A Missed Chance for NATO’s Cybersecurity Future

NATO defense ministers including Defense Secretary Chuck Hagel met in Brussels, Oct. 22, 2013.

DOD photo by U.S. Marine Corps Sgt. Aaron Hostutler

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NATO defense ministers including Defense Secretary Chuck Hagel met in Brussels, Oct. 22, 2013.

On the back of NATO’s defense ministerial, member-states still need to address the alliance’s major cybersecurity shortfalls – and there are plenty. By Daniel Pitcairn

After a meeting of NATO defense ministers in Brussels this week, questions loom large for the alliance’s cyber strategy. Defense Secretary Chuck Hagel said the ministers “agreed that the alliance must do more to deal with cyber threats,” but they did not take the opportunity to elaborate on its cybersecurity role and potential responses in case of cyber warfare.

In the aftermath of major cyberattacks on Estonia in 2007 by ‘patriotic’ hackers in Russia, NATO moved quickly to update its then-primitive cyber defenses. Within a year, NATO countries laid some groundwork for a centralized defense of NATO networks. The alliance created Rapid Reaction Teams to aid member-states under cyberattack and established a state-of-the-art cyber research center. At the 2010 and 2012 summits in Lisbon and Chicago, the alliance developed and affirmed a defensive cyber strategy. However, more than six years after the Estonia attacks, NATO is still behind the curve in two crucial ways: cyber warfare is not incorporated into its strategic doctrine and member-states’ individual cyber weaknesses are becoming a major liability for the entire alliance.

The outstanding question for NATO’s cyber strategy is whether or not its famous Article 5 — the statute asserting, “an armed attack against one or more… shall be considered an attack against them all” — should apply to cyberattacks. Those allies and scholars who oppose extending the collective defense trigger argue that cyber deterrence is nearly impossible because cyberspace provides anonymity to adversaries. However, extending the application of Article 5 to cyberattacks that meet a certain threshold of severity might actually give NATO more flexible response options. In the case of a severe cyberattack, the alliance would not be required to act militarily — it would simply have the authority to do so to the fullest extent. Just as the U.S. has asserted that it “will respond to hostile acts in cyberspace just as [it] would to any other threat,” so should NATO be prepared to use its full capabilities to counter cyberattacks.

The adoption of Article 5 also could help stabilize the growing cyber arms race. The lack of established conventions and norms governing conflict in cyberspace has generated uncertainty that translates into a lingering security dilemma. By extending Article 5 to the cyber domain, NATO would link military action in cyberspace to international law — the Law of Armed Conflict — the set of governing rules for inter-state conflict agreed to by the international community.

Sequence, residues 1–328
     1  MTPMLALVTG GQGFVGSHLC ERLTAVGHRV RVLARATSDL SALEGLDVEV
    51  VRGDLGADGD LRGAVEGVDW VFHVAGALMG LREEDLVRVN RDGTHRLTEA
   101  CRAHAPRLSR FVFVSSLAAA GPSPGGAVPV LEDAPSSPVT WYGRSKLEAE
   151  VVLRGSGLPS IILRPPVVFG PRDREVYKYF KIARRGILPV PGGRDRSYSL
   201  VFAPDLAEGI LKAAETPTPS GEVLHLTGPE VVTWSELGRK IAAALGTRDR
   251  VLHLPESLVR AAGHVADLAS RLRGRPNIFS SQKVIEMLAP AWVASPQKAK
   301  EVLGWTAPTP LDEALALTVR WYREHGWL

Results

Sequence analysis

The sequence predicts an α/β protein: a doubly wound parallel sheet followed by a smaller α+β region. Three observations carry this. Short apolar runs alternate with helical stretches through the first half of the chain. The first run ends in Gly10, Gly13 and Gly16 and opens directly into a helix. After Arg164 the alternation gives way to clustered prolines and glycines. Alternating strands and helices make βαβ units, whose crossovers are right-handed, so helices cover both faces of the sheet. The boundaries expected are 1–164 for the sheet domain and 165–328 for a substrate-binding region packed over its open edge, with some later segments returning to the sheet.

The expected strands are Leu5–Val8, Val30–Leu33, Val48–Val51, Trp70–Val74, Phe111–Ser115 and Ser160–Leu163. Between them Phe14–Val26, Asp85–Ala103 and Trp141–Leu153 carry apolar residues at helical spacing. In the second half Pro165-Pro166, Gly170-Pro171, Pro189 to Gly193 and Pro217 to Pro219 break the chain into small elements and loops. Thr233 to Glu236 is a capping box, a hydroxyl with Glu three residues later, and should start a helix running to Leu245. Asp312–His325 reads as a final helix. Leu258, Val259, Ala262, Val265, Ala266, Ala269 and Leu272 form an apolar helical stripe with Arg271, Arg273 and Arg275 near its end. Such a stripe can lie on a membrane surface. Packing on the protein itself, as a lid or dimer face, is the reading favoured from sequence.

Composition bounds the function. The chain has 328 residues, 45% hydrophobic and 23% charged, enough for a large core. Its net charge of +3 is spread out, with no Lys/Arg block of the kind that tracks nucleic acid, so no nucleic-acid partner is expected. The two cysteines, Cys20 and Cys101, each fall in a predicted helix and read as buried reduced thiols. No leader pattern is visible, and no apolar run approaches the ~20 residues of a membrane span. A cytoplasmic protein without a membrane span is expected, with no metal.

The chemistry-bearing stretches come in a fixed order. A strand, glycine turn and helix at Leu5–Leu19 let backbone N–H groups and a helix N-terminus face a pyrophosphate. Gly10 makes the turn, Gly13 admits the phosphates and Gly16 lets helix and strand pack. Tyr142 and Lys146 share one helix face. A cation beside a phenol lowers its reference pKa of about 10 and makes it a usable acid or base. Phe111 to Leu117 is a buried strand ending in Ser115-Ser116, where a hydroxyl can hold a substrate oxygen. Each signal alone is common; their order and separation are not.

At the national level, some member-states do not yet have robust cybersecurity strategies of their own. While the U.S. and U.K. have given their defense agencies a primary role in developing cybersecurity, several allies including Germany, the Czech Republic, Slovakia and Romania have given leading roles to their interior, finance or communications ministries.

Hagel said that NATO’s cyber defense capability “is on track to achieve full operational capabilities next week,” but the integrity of allied information sharing is only as good as its member-states’ networks. Due to national sovereignty concerns of member-states, NATO decided it would not be responsible for national network security. This presents a particular problem for countries like the U.S., which have a great deal to lose through vulnerable networks of weaker member-states. The security of these networks is essential for the safeguarding of critical information on key U.S. military assets and strategies. Of greatest concern is the information allies are permitted to receive regarding U.S. nuclear weapons. The ATOMAL Agreement of 1965 allows NATO allies to receive confidential information on U.S. nuclear weapons capabilities and strategy in order to ensure the alliance’s effective collective military capacity. New and aspiring members of NATO may not be prepared to defend their networks from the growth in cyber attacks they will face when they become privy to critical U.S. national security information.

At a time when NATO’s future is unclear, the alliance cannot afford to have cybersecurity concerns jeopardizing working relationships between allies. NATO should move beyond statements and prioritize setting minimal security requirements for member-states’ networks. If the alliance is to cement its role as a reliable provider of stability and security for the transatlantic community in the 21st century, it must tackle the most fundamental cyber issues head on.

Daniel Pitcairn is a research fellow with Government Business Council.

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